Spines are neuronal protrusions of the dendritic membranes, each of which receives input typically from one excitatory synapse. Dendritic spines were first described at the end of the 19th century by Santiago Ramón y Cajal, who then proposed that dendritic spines could serve as contacting sites between neurons. It was commonly admitted that spines were formed during early postnatal development and remain stable during adulthood.
Nowadays it is becoming obvious that spines are indeed motile and dynamic structures that undergo a constant turnover. Their density, shape and even postsynaptic receptors density are tightly regulated by several factors, including their neuronal activity, sensory experience, hormonal milieu and most certainly their physiopathology.
In fact, numerous brain disorders are associated with abnormal dendritic spines. Thus, an early loss of spines appears to be responsible for the memory impairment that occurs at the very first stages of Alzheimer’s Disease.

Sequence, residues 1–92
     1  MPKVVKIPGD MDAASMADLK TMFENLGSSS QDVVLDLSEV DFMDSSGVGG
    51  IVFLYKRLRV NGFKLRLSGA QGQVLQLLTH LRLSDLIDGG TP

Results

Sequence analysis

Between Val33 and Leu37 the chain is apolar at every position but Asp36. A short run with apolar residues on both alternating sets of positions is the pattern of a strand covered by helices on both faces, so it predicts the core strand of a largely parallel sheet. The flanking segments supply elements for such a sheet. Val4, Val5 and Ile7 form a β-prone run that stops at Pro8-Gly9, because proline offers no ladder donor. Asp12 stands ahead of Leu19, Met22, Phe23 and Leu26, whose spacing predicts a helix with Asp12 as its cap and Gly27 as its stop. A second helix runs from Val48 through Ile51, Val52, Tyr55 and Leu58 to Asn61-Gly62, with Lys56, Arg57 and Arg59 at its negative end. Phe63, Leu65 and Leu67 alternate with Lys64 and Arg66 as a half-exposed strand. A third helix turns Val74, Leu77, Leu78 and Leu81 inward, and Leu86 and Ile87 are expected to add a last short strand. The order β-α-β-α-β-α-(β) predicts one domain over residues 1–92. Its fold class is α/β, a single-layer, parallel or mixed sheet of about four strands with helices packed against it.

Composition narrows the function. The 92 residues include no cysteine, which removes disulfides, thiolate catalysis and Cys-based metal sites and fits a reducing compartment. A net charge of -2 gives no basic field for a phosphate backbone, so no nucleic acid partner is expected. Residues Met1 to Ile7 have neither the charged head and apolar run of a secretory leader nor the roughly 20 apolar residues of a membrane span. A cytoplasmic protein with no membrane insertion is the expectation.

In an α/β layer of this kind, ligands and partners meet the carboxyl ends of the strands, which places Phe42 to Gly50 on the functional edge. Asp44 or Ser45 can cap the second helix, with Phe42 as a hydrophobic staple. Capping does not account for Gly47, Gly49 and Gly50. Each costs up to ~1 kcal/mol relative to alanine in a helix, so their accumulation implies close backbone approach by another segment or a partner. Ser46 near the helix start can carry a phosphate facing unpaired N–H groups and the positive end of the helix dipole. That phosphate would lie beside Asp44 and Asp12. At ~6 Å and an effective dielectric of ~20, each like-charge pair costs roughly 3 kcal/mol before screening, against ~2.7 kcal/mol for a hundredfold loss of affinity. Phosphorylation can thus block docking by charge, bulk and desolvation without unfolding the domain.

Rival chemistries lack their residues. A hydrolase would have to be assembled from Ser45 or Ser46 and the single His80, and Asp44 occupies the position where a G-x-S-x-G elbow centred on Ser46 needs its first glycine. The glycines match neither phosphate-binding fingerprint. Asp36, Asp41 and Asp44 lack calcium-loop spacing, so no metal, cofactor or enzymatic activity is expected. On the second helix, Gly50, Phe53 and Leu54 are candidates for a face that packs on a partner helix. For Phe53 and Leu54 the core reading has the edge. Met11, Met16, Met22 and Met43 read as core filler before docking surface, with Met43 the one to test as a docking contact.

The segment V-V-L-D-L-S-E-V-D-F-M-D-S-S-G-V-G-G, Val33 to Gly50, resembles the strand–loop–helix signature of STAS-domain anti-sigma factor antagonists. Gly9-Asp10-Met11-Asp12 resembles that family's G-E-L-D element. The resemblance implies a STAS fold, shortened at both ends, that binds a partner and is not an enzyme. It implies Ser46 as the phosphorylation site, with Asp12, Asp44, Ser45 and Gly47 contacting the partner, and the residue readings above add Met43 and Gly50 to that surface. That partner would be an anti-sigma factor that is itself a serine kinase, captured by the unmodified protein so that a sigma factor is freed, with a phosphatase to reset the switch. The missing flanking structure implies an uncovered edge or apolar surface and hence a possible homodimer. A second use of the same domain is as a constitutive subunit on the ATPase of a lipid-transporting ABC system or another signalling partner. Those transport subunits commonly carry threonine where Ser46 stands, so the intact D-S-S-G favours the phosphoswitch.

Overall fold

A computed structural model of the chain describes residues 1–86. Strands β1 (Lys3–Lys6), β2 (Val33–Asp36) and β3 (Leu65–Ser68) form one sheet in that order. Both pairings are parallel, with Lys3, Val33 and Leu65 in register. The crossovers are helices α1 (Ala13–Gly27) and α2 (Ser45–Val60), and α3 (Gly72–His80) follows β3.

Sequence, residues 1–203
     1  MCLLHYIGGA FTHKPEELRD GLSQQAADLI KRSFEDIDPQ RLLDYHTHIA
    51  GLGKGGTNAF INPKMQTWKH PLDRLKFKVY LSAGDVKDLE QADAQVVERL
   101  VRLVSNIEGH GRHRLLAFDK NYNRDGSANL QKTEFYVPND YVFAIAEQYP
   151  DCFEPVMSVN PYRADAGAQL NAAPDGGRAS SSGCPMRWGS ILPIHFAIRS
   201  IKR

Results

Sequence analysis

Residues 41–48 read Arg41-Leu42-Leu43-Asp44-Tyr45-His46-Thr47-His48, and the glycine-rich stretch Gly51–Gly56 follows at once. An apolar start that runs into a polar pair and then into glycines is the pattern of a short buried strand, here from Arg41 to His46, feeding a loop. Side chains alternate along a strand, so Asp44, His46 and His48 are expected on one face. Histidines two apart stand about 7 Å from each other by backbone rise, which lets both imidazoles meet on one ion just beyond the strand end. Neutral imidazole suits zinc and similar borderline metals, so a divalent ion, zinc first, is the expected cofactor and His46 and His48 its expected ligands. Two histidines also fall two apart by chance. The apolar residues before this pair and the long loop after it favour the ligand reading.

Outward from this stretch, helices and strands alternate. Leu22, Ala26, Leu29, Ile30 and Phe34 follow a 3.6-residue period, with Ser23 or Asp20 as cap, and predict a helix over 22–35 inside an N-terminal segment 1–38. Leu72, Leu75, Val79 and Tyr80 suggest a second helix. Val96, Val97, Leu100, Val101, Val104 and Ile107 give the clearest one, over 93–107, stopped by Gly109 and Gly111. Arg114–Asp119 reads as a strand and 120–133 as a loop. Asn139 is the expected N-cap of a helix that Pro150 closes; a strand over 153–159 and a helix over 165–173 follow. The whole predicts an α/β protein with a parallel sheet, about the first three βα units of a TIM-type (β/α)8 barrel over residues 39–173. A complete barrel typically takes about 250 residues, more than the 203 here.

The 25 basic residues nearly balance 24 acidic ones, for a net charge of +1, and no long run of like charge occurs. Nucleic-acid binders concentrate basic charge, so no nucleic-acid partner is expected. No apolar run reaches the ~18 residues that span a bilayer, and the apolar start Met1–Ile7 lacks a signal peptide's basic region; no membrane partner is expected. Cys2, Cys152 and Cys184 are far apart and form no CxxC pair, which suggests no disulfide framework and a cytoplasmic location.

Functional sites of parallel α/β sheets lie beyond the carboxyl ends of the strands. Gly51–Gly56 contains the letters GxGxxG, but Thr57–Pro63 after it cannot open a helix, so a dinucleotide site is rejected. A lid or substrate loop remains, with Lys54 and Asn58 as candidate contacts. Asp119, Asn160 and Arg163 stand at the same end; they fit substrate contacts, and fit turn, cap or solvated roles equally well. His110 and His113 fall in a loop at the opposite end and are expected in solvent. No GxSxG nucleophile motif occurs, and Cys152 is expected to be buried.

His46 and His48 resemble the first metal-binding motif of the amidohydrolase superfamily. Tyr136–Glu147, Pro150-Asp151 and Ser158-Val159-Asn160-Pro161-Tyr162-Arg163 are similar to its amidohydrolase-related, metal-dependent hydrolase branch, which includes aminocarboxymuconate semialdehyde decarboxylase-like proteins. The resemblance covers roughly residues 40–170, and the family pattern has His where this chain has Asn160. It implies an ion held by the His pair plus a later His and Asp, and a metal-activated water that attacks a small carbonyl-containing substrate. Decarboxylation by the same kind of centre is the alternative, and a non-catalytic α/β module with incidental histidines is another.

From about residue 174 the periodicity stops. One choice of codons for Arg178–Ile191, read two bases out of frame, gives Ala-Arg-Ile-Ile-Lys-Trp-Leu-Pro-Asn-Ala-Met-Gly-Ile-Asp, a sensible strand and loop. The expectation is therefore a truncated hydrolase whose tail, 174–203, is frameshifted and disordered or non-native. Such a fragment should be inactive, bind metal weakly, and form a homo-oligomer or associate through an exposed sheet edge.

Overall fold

Currently, counting and classification of spines using light microscopy has relied on manual procedures. This manual approach can be slow and tedious, especially for samples with high spine densities.The capacity to rapidly assess spine density and spine head diameter will facilitate pharmacological studies speeding up the process of drug development.
SpineUp is currently developing new methods to automatically indentify neuronal structure, to picture them and to analyze spine density from immunohistochemical preparations employing confocal microscopy.Our aim is to offer the spine quantification as a service to evaluate the effects of your favorite mice or molecule in neuronal morphology and spine density.
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Last update: October 2016